Unshackle Haeckel

While researching chimera (after Max Klinger) I stumbled across….

Ernst Heinrich Haeckel (1834 – 1919)

There is much written about Ernst Haeckel in regards to his promulgation of Darwinism, Monism etc. etc – my interest in him is entirely in regard to his amazing, beautiful drawings.

In 1864, young Haeckel sent to Darwin, two folio volumes on radiolarians. The gothic beauty of these drawings impressed Darwin. He wrote to Haeckel that they

were the most magnificent works which I have ever seen, and I am proud to possess a copy from the author

By the late 19th century Haekel was probably the most well known ‘scientist’ in the world. His programme of a “unity of culture” was his attempt to provide a bridge between biological science and art, the result of which was the visually dazzling Kunstformen der Natur, the Art Forms of Nature, published in 1904. This unity he believed to underlie the superficial diversity of all things. Haeckel called his view of unity “monism” – there was no room for the traditional Christian God, which science, Haeckel said with dubious humour, had reduced to a mere “gaseous vertebrate”.  Monism became a true movement and the Monist League became a major reference for the educated free-thinkers around the turn of the century.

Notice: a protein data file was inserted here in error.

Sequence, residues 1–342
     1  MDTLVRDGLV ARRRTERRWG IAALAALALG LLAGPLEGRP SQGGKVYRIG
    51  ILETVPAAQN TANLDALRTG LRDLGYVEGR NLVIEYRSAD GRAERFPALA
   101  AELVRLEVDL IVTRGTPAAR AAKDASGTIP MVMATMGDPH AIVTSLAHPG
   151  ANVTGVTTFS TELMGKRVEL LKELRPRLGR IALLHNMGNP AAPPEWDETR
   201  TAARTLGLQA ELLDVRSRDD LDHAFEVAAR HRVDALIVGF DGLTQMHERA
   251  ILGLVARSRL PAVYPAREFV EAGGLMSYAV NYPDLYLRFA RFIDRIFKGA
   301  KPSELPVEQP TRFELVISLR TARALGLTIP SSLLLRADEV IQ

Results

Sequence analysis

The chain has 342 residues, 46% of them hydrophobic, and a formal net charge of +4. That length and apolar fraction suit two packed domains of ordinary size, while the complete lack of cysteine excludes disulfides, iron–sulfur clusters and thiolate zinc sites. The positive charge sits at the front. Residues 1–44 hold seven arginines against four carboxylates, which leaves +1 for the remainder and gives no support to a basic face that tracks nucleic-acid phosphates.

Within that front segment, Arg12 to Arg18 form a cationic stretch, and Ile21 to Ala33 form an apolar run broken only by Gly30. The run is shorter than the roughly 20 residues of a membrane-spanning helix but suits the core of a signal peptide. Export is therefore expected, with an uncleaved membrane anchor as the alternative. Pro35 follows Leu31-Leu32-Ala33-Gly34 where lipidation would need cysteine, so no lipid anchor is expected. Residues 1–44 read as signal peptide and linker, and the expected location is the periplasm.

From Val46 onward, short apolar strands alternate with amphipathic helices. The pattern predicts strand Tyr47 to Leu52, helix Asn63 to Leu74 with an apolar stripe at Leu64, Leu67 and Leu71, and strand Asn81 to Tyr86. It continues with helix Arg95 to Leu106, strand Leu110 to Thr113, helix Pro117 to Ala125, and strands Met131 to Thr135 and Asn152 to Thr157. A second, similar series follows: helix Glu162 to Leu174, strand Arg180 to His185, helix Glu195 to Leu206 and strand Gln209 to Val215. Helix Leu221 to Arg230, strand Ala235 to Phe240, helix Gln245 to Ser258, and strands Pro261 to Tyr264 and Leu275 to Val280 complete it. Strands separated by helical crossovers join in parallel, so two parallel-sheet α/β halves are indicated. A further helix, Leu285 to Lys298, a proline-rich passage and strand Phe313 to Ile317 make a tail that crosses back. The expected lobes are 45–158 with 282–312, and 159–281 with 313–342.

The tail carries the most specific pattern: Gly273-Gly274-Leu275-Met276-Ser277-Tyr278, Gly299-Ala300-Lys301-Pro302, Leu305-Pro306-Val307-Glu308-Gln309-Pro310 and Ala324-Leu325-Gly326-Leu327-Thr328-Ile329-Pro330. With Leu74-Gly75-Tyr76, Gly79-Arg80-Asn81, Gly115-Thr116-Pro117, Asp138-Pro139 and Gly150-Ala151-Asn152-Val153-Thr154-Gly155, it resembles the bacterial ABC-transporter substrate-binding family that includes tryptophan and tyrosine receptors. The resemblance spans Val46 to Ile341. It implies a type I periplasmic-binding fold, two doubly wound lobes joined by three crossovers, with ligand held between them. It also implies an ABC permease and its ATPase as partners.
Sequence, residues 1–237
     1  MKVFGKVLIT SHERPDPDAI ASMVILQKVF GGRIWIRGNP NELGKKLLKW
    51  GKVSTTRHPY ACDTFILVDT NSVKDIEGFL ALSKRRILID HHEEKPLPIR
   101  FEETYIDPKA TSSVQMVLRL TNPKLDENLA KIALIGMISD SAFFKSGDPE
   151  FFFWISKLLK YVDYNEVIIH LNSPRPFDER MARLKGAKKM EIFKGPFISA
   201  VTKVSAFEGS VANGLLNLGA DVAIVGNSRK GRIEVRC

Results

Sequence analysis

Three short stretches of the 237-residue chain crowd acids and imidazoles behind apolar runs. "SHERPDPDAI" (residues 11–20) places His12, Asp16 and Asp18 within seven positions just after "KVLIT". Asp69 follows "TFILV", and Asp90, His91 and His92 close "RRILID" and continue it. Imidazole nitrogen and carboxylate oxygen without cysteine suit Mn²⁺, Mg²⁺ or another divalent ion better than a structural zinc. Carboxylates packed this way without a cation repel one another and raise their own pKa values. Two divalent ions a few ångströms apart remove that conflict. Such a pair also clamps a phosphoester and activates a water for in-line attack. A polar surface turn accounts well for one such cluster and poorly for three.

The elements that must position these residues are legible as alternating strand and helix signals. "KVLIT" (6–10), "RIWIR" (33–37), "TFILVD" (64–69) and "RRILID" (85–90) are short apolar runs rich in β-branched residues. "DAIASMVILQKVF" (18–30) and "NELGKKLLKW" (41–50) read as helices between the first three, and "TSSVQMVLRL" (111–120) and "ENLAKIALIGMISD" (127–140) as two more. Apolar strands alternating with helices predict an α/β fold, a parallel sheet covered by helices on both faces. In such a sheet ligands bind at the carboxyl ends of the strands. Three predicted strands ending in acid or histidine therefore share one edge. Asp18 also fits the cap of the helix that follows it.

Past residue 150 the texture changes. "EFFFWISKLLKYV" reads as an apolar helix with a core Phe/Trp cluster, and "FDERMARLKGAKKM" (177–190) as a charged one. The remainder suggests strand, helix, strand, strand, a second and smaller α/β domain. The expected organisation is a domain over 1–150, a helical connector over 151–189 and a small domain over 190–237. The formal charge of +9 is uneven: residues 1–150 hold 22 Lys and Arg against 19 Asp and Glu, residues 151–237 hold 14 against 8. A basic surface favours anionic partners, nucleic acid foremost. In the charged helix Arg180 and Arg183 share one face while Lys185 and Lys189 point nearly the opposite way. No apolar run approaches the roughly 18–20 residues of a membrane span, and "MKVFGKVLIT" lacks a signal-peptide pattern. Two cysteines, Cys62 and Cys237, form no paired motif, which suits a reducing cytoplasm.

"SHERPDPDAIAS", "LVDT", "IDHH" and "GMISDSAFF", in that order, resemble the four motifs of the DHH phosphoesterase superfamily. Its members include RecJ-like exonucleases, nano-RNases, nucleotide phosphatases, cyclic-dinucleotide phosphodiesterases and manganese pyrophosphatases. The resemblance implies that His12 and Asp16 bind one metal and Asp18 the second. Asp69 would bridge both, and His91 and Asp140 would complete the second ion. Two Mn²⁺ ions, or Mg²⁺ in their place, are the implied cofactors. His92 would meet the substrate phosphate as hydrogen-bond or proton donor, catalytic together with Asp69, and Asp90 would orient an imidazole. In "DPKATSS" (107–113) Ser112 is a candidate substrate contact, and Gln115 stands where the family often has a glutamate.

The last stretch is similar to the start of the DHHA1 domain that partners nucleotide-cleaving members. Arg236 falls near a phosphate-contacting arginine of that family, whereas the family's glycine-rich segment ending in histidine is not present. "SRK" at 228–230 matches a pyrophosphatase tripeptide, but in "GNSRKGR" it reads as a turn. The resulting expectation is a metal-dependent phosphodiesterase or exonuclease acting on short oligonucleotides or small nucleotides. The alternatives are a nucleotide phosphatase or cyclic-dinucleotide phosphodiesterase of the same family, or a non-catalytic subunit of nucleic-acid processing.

On his 30th birthday his beloved wife Anna died of (probably) a burst appendix, devastating Haekel. In Italy, while trying to recover he wrote to his parents:

Mephisto has it right: Everything that arises and has value comes to nothing.

But he discovered a jellyfish while strolling a beach. That creature with its delicate yellow tendrils reminded him of Anna’s golden braids, and in his later publication on medusae, he named it in memory of his wife.

In the Kunstformen, he remarked:

The species name of this extraordinary Discomedusa—one of the loveliest and most interesting of all the medusa—immortalizes the memory of Anna Sethe, the highly gifted, extremely sensitive wife of the author of this work, to whom he owes the happiest years of his life

The Kunstformen had a decided impact on the artistic movement of Jungenstil, which flourished at the beginning of the twentieth century.

Haeckel had been convinced by his mentors Goethe and Alexander von Humboldt that to depict the wonders of nature accurately was not only to discover

the laws of their origin and evolution but also to press into the secret parts of their beauty by sketching and painting

An essay focussed on Haekel’s Art

High resolution Haekel images


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